Study Finds That CO2 Rules Will not Make Cars More Expensive

While the average motorist no doubt supports lower emission targets, he would probably not be happy if car prices kept on creeping up because of costs involved with lower emission requirements.


Most motorists will, therefore, be glad to hear that a new report from environmental pressure group Transport and Environment contradicts claims from the auto industry that cars will become more expensive because of legal requirements regarding CO2 emissions.


The group's research indicates that over the past year cars sold in Europe on average emitted 4% less CO2 gasses, used 4% less fuel and cost 2.5% less than a year ago.  This finding, the charity claims, proves that cars can be both more environmentally friendly and cheaper at the same time.


The Director of Transport and Environment, Jos Dings, said "The car industry has consistently resisted fuel efficiency regulations by complaining that cars would become 'unaffordable.'  But car emissions have now dropped to 140g CO2/km and that simply hasn't happened; prices have actually fallen."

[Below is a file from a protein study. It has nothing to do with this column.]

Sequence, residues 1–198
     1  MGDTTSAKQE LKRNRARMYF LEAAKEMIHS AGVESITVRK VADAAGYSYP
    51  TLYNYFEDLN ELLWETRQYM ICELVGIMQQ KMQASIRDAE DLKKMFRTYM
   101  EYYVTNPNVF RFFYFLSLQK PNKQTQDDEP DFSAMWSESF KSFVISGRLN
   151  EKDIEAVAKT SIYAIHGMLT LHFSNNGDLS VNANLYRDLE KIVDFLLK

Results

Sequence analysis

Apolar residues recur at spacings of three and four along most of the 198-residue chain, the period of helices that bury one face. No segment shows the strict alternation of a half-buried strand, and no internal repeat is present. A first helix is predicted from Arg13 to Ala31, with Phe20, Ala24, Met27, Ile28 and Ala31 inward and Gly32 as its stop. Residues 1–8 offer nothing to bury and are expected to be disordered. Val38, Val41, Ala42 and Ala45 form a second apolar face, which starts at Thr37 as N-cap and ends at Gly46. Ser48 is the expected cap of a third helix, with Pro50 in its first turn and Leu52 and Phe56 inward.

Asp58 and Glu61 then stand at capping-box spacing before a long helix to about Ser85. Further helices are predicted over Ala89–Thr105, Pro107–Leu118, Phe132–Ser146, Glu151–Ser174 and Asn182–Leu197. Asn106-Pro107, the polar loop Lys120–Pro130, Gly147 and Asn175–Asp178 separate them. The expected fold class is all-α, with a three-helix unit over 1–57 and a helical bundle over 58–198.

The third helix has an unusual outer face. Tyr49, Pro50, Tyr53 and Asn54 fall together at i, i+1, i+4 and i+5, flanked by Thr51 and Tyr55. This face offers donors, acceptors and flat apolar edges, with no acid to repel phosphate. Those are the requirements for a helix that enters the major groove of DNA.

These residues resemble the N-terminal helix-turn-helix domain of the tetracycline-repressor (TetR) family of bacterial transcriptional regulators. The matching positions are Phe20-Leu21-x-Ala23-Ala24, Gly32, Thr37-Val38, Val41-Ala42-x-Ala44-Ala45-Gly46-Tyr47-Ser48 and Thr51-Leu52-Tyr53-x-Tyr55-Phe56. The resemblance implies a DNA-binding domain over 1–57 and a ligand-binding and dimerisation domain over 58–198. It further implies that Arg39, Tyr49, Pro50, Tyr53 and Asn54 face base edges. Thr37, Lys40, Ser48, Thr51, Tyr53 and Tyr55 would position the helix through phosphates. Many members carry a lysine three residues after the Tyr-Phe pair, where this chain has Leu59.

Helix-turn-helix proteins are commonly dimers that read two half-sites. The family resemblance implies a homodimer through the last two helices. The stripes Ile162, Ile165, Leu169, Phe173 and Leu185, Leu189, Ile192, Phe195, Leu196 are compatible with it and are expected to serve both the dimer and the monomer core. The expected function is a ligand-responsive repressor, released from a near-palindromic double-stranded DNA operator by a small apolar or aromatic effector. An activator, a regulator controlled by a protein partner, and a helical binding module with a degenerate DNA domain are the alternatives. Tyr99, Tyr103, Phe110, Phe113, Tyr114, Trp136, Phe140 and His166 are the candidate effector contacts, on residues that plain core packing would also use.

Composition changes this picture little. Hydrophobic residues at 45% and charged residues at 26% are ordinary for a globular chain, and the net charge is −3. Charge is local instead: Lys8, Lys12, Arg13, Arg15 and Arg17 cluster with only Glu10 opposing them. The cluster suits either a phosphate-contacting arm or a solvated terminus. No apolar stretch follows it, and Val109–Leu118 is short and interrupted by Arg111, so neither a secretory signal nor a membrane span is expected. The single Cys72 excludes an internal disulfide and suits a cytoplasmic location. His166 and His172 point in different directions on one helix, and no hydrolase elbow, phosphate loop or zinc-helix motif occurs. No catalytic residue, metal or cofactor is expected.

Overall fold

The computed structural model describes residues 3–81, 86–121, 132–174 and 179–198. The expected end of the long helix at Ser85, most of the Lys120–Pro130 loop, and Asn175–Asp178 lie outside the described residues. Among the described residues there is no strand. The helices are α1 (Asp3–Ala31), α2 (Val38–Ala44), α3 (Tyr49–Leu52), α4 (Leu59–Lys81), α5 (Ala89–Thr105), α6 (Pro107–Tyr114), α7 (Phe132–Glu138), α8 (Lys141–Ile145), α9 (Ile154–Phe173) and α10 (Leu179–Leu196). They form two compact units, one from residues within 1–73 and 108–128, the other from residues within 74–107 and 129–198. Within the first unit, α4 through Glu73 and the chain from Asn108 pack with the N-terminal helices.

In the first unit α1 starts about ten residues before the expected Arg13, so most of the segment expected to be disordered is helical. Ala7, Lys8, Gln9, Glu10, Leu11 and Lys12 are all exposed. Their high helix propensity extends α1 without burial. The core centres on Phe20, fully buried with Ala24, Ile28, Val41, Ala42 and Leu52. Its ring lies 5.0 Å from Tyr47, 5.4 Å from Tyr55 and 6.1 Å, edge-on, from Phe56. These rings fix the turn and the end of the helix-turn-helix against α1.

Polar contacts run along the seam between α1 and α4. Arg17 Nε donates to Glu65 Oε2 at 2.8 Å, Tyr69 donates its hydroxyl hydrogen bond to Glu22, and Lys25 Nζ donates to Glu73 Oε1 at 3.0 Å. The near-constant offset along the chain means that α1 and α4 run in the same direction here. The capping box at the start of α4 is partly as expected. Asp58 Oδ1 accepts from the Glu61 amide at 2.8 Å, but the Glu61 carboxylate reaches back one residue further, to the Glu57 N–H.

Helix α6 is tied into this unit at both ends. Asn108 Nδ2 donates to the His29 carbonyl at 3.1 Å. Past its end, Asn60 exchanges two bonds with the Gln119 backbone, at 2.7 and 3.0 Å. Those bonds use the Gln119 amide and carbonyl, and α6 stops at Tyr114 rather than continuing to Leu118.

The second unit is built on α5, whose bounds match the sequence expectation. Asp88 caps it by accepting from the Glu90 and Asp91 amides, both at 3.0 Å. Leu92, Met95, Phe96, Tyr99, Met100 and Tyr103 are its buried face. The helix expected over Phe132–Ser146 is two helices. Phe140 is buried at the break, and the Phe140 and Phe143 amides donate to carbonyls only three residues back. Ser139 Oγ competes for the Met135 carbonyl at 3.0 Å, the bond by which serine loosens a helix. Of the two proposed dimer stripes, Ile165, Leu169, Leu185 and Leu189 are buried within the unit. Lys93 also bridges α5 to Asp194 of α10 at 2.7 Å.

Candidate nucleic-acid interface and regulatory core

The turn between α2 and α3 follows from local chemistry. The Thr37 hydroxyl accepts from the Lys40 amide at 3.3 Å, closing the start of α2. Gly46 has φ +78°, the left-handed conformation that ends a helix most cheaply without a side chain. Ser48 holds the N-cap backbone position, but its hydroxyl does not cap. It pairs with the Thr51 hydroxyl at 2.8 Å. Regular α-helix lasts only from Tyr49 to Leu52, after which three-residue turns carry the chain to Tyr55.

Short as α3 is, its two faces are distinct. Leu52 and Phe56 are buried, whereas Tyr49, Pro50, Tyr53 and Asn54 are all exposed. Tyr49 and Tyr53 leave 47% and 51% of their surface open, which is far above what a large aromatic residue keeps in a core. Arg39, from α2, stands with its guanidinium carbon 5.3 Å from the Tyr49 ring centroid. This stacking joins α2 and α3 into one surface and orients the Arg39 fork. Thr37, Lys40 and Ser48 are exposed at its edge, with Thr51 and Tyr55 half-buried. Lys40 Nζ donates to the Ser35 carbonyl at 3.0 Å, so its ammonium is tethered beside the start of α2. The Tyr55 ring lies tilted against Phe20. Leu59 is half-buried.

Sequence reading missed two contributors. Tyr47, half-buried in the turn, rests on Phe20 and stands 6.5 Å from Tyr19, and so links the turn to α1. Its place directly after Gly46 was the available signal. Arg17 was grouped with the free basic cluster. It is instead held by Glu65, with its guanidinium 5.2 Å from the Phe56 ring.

The T&E quoted two cost estimates commissioned by the European Commission in 2001 and 2006.  The first one predicted that the retail price of the average car would increase by ‚¬2,400 if emission levels were forced down to 140g/km.  The 2006 study found it would be ‚¬1,200.  Time proved both these studies wrong.


Dings said that the EU clearly needs to take industry claims with a pinch of salt next time.

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